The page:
Since the rifle arrived lacking a BUIS, and I needed something with which to aim, I simply bolted on an EOTech sight to do drills and added an Insight ATPIAL to check sight tower clearance and function. The EOTech bolted right on (no surprise there) and the ATPIAL cleared the sight tower, so I was good to go. In blasting a bunch of ammo through the Del-Ton carbine, I found only one problem: one of the magazines was not happy with a match 52 grain hollowpoint load I find to be quite accurate.
To be fair, this is a varmint load, designed to be a prairie dog tactical nuke and not what you’d use in a defensive carbine. It is also far too expensive to be used simply blasting in a defensive carbine class. Plus, only one of the magazines had problems, and then only occasionally. Everything else fed flawlessly. A definite case of “if it hurts, don’t do it.”
If I were to use the Del-Ton carbine as a defensive rifle, I’d certainly make sure it worked 100% with whatever defensive load I was using. If I really had to use the 52 grain varmint load, say on varmints, I wouldn’t worry about occasional malfunctions. I have never read yet of a shooter being charged by varmints.
For formal accuracy testing I clamped a 30mm Famous Maker 4-12X scope in a LaRue mount on top of the receiver. What I found was that this particular rifle loves, to an excessive degree, Hornady TAP 55 grain ammo. I would have to seriously over-indulge in coffee to give myself the shakes sufficient to shoot a group over 1.5 inches in size. Most hovered right under one inch.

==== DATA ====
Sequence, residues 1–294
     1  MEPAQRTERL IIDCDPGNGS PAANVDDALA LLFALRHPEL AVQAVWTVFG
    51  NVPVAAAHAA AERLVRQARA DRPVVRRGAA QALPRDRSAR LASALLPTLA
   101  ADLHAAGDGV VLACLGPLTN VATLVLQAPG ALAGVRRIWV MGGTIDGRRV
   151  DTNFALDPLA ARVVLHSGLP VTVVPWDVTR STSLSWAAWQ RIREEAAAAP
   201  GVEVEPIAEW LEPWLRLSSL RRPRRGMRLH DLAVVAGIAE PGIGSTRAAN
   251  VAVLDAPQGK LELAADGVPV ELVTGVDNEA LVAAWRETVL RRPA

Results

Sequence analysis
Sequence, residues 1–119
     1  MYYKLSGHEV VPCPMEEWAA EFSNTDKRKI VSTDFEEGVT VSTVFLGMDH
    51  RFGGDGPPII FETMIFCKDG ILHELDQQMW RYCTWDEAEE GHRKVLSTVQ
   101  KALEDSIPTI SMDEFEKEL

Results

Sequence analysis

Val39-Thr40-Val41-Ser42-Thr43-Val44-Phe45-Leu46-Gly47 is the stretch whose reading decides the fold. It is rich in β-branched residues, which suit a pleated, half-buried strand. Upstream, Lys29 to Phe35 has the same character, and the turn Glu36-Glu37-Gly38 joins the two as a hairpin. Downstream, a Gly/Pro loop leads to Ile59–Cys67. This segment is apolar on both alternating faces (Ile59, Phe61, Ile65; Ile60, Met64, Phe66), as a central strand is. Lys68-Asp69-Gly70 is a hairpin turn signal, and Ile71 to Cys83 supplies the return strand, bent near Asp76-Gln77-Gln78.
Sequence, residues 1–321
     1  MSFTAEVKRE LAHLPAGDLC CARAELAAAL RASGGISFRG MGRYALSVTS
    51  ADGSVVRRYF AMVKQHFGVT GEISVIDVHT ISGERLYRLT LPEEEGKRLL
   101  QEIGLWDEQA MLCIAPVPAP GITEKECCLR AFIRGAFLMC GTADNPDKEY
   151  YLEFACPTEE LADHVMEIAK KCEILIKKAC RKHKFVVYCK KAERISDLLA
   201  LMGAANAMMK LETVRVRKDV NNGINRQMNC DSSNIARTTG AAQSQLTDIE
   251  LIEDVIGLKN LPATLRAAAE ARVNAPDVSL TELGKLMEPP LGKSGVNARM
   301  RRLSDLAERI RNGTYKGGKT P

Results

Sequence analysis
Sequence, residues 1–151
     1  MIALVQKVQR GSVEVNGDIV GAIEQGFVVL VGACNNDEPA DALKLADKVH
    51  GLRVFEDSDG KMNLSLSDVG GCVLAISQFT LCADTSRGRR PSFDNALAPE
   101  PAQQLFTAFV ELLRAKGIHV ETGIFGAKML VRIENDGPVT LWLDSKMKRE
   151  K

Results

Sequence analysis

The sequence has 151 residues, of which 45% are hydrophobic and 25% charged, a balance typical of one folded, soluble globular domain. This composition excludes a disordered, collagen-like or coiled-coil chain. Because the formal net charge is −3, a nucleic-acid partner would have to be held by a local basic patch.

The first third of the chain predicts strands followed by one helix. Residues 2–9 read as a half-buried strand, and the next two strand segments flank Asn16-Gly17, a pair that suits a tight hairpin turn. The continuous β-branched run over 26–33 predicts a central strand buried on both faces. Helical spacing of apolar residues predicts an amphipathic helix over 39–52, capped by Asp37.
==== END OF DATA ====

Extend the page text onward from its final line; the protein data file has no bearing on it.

The rest of the ammo I tried shot equally gratifying groups. One detail I wanted to check was the accuracy with one of the new heavy bullet loads. Some 1/9 barrels shoot the 75 and 77 grain loads fine, others aren’t so happy with them. The Del-Ton carbine showed a bit of accuracy drop-off, but still shot well. I would have to spend some time with it to see if the accuracy improves as the barrel breaks in, or not.
I didn’t have a chance to go out to the National Guard base and thrash the little plastic “ivans” on the computer pop-up course, but I have no doubts that with it I could easily post more clean scores. Del-Ton, I should have looked at your rifles earlier, but I’m glad I finally did.
Now, if someone tells you that Del-Ton isn’t as good as something from the ABC tier, well, maybe, maybe not. The real questions are these: Does theirs work better? Does theirs shoot more accurately? Can they shoot theirs faster and more accurately than you can shoot yours? Unless the answers to all of these is an unequivocal “yes” then pay no attention and keep on shooting.
This article is an excerpt from the Gun Digest Book of the AR-15, Vol. 4.
If you liked this article you’ll love Gunsmithing The AR-15
It’s Perfect If:
- You own an AR-15 and want to learn how to fix or upgrade it yourself
- You’re a professional gunsmith or are studying to become one
- You want to maintain your AR-15 for years of rugged, dependable use
About the Author: Patrick Sweeney is the author of many of Gun Digest books' best-selling titles, including Gun Digest Book of the 1911, Vols. I & II; Gun Digest Big Fat Book of the .45 ACP, Gun Digest Book of the AR-15, Gun Digest Book of the AK and SKS, Gun Digest Book of the Glock and Gunsmithing: Pistols and Revolvers, among other titles. A master gunsmith, Patrick is also Handguns Editor for Guns & Ammo magazine.
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